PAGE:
If you’re wondering how to find a job in sustainability or become a part of innovation for long-term impact, you’re not alone. There are a lot of up-and-coming-jobs in the corporate world to help existing organizations become more sustainable. Entrepreneurs, too, are starting companies with big plans to impact society. But there is another approach to making a difference: helping other innovators grow.

Akira Sakano and So Sugawara, two young leaders from the World Economic Forum’s Global Shapers Community, established the Green Innovator Project (GIP) last year with the latter in mind. Their goal is to nurture 1,000 innovators who will help create a positive cycle between the global economy and environment by 2030. To achieve this, they’re enabling collaboration between academia, governments, businesses, and powerful civilians.

Sakano was named a “Nikkei Woman of the Year 2022” for her continuous work creating zero-waste communities across Japan with Zero Waste Japan. But even with such credentials, engaging various stakeholders and growing 1,000 innovators is a lofty goal.

Those seeking a sustainable job might start by asking a common question: What are the three pillars of a sustainable business? Google can easily find that answer. But if you’re curious about the more unique roles within a sustainability project, Sakano has a different idea: Wind, Water, and Soil.

These may sound like unlikely innovation job titles, but Sakano’s experience has shown how they can shape a career to give a sustainable job meaning and impact.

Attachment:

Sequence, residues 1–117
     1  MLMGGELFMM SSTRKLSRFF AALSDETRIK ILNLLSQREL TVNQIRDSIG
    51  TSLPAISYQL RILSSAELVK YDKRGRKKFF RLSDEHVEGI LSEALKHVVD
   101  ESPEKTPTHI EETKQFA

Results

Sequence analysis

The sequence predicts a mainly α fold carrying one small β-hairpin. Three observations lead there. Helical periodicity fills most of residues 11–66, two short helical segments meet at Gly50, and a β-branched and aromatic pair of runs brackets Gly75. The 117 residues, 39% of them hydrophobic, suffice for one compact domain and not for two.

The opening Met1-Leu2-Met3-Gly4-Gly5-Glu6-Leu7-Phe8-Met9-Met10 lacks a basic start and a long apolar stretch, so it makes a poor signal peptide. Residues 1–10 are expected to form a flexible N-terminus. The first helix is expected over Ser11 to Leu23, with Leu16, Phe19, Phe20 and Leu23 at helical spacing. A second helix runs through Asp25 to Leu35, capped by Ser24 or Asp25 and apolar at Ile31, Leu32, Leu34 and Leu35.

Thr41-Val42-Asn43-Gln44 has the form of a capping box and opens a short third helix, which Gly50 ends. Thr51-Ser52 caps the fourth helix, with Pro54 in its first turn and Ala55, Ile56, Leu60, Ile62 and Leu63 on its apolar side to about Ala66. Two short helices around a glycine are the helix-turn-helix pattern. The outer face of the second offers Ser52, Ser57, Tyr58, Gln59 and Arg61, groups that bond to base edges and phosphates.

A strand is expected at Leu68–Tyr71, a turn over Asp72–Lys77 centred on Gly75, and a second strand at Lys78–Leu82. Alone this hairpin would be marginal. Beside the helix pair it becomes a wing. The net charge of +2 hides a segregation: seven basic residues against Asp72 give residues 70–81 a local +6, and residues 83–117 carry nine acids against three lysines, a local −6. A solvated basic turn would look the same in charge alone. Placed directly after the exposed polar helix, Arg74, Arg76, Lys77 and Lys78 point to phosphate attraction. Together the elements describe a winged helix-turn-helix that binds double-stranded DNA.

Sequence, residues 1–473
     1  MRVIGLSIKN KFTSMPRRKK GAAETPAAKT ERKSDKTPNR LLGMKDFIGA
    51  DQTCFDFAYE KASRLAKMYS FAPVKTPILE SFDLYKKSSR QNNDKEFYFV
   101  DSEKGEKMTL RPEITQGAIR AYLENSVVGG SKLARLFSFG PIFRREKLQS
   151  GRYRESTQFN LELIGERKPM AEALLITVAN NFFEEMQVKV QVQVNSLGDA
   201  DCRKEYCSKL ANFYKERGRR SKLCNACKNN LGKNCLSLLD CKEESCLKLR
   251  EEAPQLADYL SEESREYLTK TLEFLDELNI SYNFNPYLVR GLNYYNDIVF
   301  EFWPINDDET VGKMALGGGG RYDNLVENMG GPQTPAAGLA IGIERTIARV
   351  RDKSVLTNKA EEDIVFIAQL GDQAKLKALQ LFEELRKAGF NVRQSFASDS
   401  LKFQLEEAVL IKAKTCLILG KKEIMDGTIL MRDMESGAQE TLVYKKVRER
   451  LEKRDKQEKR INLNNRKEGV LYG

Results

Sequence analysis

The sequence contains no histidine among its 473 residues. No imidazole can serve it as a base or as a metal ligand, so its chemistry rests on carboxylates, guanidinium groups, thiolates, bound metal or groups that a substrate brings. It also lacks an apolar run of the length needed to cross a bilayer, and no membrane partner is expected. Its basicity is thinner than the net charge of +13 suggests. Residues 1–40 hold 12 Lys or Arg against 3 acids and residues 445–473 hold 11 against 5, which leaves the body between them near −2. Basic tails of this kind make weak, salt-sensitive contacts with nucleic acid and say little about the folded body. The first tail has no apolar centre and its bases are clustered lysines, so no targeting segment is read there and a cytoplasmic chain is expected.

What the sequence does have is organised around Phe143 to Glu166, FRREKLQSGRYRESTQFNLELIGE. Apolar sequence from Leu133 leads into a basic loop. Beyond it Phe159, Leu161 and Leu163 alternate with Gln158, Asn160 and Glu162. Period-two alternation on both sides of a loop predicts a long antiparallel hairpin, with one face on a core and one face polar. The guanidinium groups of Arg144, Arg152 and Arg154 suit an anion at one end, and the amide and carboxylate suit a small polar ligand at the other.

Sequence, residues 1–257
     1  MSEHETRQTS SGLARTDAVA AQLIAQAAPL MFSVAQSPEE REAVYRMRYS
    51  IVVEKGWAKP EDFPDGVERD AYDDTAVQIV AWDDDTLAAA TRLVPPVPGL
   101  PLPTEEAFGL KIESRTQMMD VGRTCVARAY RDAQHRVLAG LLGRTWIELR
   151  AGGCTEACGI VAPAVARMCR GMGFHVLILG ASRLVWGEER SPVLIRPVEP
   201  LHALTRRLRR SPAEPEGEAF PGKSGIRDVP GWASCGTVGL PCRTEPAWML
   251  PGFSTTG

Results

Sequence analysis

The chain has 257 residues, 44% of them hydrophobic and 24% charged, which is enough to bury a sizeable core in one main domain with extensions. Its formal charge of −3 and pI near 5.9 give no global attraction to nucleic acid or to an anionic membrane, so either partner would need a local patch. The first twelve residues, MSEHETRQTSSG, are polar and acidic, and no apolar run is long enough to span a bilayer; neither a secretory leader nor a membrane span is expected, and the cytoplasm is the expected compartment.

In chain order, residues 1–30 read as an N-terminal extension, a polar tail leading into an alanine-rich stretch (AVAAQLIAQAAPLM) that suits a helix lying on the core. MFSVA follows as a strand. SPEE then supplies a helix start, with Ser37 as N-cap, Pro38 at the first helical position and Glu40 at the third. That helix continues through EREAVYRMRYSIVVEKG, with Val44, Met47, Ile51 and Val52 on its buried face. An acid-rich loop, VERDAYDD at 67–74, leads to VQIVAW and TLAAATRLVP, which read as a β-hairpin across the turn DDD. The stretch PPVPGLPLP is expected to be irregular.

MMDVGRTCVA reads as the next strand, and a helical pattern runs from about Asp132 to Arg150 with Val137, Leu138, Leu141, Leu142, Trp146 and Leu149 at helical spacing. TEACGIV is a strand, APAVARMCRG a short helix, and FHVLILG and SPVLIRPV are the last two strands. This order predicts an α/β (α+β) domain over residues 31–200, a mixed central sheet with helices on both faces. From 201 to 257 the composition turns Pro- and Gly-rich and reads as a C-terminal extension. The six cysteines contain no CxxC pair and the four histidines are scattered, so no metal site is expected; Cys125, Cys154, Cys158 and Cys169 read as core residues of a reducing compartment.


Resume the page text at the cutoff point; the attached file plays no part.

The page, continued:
So, what are these Wind, Water, and Soil roles? And how can we nurture people to embody them—or even fill them ourselves?

Akira Sakano shares her experiences with sustainability-driven innovation
Akira Sakano has built a career on promoting sustainability-driven innovation.

Developing a Career Path Framework with Wind, Water, and Soil

Sakano’s unique innovation process involves nurturing three specific types of next-generation leaders in sustainability: Wind (kaze no hito), Water (mizu no hito), and Soil (tsuchi no hito). Each plays a crucial role in implementing and maintaining impact on the ground. They also critically link with each other.

The original concept behind these elemental roles was introduced by +arts, a Japanese NPO that promotes disaster prevention at the local level. Sakano met with representatives of +arts during a Japan Foundation project. Over time, she realized that their Wind, Water, and Soil concept can double as a guide for developing a career path framework:

  • Wind members spread the “seeds” of innovative thinking throughout the local community. It’s the job title for someone who comes up with ideas and makes proposals, like planners and designers.
  • Water members are the middlemen—they grow the seeds Wind members drop and lay the groundwork (so to speak) for Soil members, who come next. Water roles are often filled by entities such as NPOs.